Post by eyeofthestorm on Jan 12, 2021 7:42:25 GMT -6
My children (who are teens - 14, 16, and 18 now) eat an amazing amount, but seem to have fallen into ruts in terms of feeding themselves. The result is they quit before they are truly full, get hungry later, and sometimes "ingredients" go missing. I am reduced to writing "No!" and "Ask Mom first!" with a sharpie on things! Right now, the tortillas for tonight's dinner have this scrawled across the wrapper.
I am now "helping" them by GIVING them certain portions along with their meals. For example, last night we had a typical meal and I also HANDED EACH SON a slice of bread and butter. This is always available, but apparently they never thought of helping themselves. In all seriousness, they each actually said, "Ooo!" as if I had handed them a geode or cupcake.
ANYWAY, I plan to keep handing them food to fill their bellies so they aren't scrounging later. Or at least, scrounge less.
Bread will be my go-to Monday through Thursday when I work right up until dinner (yay for the slow cooker). But right now, all I can think of for spreads are butter and jam.
Is there something else my tired brain is forgetting?
Cheese. Simple bread and cheese is amazing Cream cheese too.
Php 4:8 Finally, brethren, whatsoever things are true, whatsoever things are honest, whatsoever things are just, whatsoever things are pure, whatsoever things are lovely, whatsoever things are of good report; if there be any virtue, and if there be any praise, think on these things.
Post by thursdayschild on Jan 12, 2021 8:55:57 GMT -6
You homeschool, right? So they're home? How about putting them on the rotation for fixing meals? It might help to bring things tti attention better. And I would talk to them about portions and that some things aren't there to be snacks but ingredients for other things. Get them involved. Ask what would help them remember. Maybe a place for available snacks so that if the tortillas are there, they're for a snack. If they're in a different place they're for a meal. Check with you for if and how many they can take so you don't run out.
Children are the most delightful pledges in a loving marriage. They are the best wool on the sheep. - Martin Luther
Post by mountainma on Jan 12, 2021 11:48:13 GMT -6
We have a rule, you only get to snack on "freebies" as everything else is for meal plans. Otherwise, my ingredients are missing for dinner time. We make a menu and leave a spot allotted for snacks. I keep a bowl of fruit on the counter (whatever cheap fruit is in season, like apples) and I let the family know what the "freebies" are for the week. With the gluten allergy, bread is too expensive for snacks here, but sometimes I'll slice up celery or carrot sticks for snacks with Ranch dressing or peanut butter. We have a small electric air popper and can buy popping corn kernels for very cheap. This is a favorite "free" snack that's healthier than chips and less expensive.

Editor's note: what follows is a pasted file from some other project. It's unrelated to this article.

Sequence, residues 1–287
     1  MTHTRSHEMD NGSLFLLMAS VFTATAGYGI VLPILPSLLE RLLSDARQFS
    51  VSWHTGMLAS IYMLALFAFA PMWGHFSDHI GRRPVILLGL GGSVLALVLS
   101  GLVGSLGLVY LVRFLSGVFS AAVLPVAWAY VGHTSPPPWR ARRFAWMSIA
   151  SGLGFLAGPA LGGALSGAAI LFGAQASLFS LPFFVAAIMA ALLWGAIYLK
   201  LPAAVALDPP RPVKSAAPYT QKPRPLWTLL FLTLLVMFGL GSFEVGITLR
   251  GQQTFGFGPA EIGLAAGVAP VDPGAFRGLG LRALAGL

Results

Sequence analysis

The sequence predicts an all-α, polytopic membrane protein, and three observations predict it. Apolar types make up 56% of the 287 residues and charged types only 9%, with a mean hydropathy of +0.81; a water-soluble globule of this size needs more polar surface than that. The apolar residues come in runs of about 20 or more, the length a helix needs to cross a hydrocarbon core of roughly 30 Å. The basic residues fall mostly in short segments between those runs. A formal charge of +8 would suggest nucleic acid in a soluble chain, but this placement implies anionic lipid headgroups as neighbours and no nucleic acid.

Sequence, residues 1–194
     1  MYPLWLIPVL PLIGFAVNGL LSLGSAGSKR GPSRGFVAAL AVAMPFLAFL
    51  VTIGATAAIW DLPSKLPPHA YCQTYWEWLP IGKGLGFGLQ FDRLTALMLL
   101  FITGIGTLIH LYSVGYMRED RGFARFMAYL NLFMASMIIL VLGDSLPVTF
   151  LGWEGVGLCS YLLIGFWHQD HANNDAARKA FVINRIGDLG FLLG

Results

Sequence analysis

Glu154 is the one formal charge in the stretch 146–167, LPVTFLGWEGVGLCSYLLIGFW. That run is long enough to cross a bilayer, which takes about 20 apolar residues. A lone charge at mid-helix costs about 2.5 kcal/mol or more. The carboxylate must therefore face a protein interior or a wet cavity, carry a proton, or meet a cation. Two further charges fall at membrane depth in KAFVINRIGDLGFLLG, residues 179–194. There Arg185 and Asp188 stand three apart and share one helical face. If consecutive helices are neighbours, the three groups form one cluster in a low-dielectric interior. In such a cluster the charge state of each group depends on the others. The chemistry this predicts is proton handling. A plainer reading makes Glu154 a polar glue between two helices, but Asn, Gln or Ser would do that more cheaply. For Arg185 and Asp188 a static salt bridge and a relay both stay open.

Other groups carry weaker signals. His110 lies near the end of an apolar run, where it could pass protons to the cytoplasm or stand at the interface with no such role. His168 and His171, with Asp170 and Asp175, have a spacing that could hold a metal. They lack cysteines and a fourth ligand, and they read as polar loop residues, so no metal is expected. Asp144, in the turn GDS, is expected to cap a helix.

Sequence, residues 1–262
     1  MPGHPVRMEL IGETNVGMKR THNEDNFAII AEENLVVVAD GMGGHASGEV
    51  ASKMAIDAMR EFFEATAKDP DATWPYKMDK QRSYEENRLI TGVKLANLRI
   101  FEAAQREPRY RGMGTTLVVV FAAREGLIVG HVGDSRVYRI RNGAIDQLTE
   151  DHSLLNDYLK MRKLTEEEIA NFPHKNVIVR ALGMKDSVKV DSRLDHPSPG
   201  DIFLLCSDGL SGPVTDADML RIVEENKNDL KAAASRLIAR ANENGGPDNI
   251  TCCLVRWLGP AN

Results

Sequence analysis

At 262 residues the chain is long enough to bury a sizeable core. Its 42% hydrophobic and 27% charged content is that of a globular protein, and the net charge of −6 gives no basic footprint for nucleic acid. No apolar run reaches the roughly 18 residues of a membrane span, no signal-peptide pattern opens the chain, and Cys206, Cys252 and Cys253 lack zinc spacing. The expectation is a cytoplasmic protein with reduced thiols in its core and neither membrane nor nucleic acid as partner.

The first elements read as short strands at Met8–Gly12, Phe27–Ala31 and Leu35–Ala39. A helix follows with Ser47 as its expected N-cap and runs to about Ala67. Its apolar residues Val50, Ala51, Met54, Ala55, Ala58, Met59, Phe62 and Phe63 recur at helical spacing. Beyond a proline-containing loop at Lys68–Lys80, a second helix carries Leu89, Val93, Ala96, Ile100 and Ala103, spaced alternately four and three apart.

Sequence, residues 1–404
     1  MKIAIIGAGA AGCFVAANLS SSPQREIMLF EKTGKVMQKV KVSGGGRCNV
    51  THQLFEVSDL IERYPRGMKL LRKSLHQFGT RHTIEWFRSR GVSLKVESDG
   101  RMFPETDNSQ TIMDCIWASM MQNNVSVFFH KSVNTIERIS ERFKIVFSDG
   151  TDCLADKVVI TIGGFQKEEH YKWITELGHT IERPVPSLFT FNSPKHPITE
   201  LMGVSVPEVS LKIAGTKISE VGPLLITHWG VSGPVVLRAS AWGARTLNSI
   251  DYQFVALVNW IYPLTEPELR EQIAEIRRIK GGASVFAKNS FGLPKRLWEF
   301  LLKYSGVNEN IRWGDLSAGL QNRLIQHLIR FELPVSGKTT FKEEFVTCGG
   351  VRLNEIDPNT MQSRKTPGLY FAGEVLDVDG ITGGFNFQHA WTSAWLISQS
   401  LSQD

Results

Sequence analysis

For spreads on the kid's bread, you can change it up with butter, apple butter, jam, nut butter, cream cheese, cinnamon and sugar, garlic butter, hummus, or mustard. It's easy to pre-make your own honey butter or garlic butter, etc. I pre-mix cinnamon and sugar and keep it in an old spice jar and it cuts down on mess when they want it on toast.
Post by eyeofthestorm on Jan 13, 2021 7:33:56 GMT -6
Mountainma, thank you for the ideas!
Thurday's Child, they are actually pretty good. They already know how to bake - baking is in their rotating chore list (yeast bread, quick bread usually, occasionally bar cookies). I handed that off a couple of years ago.
I will think about restructuring/ordering the fridge. I just may not get behavioral buy-in from DH. Remember, we are all home all day (we both work from home as well as the kids homeschooling). DH won't intentionally try to undermine it, but he doesn't always "get it." But I can try!
One thing the boys DO handle well are charts or lists on the front of the fridge. If I post a list of THINGS TO SPREAD ON BREAD, they will pay attention.0